When to Say ‘It’s Over For Today’

“Hi Rob, thanks for the message. If you think the article would help motivate other athletes you may re print it on your website… have a great day and be safe out there. “ Suzy Degazon.

 An article appearing in the April-May edition of Endurance, on-line newsletter of Hammer Nutrition, describes how an elite competitor coped with an experience testing her judgement and resolve.

 Day 2 was never expected to end as it did during the Ultraman World Championship for the athlete who for thirteen consecutive years had started and finished the race. But there are gremlins without limit on race courses. They wait in hiding ready to pounce on the chance to turn a good race bad. One had been waiting for Suzy on that day in November, 2011.

The terms of our contract with ‘Life’ are not all terms of our choosing but regardless, there for us to deal with. How we do, ultimately defines the person we are and so the tale of what happened on a windswept road in Hawaii represents more than just the struggle of a single athlete. Though we may wish the wind would blow always against our back… life often doesn’t treat us as we’d like. In her own words Suzy Degazon tells her story.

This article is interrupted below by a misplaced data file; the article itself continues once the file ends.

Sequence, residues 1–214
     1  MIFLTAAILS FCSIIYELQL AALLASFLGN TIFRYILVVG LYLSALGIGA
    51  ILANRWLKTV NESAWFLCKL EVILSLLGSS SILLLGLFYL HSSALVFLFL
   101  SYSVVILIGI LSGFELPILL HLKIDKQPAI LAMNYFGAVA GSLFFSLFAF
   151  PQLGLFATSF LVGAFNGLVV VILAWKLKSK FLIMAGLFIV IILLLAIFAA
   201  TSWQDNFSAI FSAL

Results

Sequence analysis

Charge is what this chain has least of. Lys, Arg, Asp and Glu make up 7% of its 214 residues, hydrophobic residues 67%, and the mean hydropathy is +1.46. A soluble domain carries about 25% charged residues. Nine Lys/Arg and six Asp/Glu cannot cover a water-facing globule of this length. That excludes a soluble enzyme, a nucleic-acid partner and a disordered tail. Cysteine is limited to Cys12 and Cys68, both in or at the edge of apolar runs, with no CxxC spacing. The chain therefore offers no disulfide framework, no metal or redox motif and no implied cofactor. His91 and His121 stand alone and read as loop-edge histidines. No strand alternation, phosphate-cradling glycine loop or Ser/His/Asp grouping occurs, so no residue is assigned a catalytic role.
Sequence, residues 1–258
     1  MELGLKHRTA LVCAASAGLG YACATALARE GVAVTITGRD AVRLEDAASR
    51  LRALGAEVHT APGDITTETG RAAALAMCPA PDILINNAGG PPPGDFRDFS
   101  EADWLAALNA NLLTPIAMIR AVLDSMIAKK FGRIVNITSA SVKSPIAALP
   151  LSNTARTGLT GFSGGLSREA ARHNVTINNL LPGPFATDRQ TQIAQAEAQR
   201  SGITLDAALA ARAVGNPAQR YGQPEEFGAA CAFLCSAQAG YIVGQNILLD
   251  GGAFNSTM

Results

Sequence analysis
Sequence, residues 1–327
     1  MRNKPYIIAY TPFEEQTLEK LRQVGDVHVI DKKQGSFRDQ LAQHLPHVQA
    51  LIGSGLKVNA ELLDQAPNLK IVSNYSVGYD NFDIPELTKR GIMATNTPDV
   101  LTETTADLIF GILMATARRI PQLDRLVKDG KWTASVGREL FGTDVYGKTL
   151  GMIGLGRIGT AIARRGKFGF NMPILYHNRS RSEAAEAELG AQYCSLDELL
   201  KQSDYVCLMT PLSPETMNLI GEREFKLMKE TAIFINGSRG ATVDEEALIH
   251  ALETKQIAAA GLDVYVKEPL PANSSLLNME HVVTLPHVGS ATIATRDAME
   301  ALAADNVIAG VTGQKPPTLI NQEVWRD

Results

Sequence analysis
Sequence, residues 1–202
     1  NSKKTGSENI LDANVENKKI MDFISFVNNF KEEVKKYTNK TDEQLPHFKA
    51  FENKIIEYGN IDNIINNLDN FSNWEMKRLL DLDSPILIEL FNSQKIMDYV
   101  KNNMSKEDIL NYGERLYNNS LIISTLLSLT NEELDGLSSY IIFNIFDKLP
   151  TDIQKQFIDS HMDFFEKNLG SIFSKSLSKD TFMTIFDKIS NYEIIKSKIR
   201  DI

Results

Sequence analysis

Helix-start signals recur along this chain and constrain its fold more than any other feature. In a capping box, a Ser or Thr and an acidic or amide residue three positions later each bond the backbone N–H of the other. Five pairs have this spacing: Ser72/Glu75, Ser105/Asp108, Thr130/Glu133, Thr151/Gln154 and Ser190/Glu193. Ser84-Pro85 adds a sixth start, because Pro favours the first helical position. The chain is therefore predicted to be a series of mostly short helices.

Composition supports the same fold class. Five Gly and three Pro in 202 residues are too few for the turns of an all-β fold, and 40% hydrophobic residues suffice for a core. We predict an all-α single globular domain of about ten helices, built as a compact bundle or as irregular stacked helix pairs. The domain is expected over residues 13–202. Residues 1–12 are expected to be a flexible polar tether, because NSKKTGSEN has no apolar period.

“Well, what can I say…those three dreaded letters appeared after my name, and the worst part was that it was my ‘A’ race of the season, Hawaii Ultraman World Championships. And the DNF was my own call! No, I was not injured; no, I hadn’t bitten off more than I could chew in signing up. Quite simply, the realization that mentally I could not ride my bike in 55 mph side winds without some sort of consequence – despite only 12 miles to go and mostly downhill – led me to my decision to get in the crew car and drive to the finish line.   

It had been a long hard two days. On day one I started the 6.2 mile swim never thinking I would possibly DNF on Day 2! I had a decent swim despite being sick one mile into it; I coped with the unpleasantness by focusing on the fish and singing to myself! After exiting the ocean to begin the 90 mile bike journey to the volcano, I felt nauseated, which is rare for me, but I quickly changed and began the ride. I had few issues with numbness in my toes and fingers, but was elated to make it to Day 1 finish line.

 Day 2 was a 171.4 mile bike ride. It began with a few flat tires in the pouring rain and downhill, which meant I ended up playing chase to find other athletes. It was pretty lonely out there, but eventually I had company. The Red Road always offers spectacular scenery, and the Hamakura coastline is amazing, but the fun began on the climb up the Kohalas. I was so close to the finish yet so far away, less than 20 miles. Due to the high winds, I was walking in my running shoes. My husband and crew chief, Al, came over to walk with me, and my bike was like a kite as it went airborne! I looked at my monitor and thought,” I can do this. I have time.” I would try to get on my bike and would be blown across the road, so I’d walk again. My toes were going numb and I was sad; I knew I would have to run pretty fast with the bike to be inside the cutoff.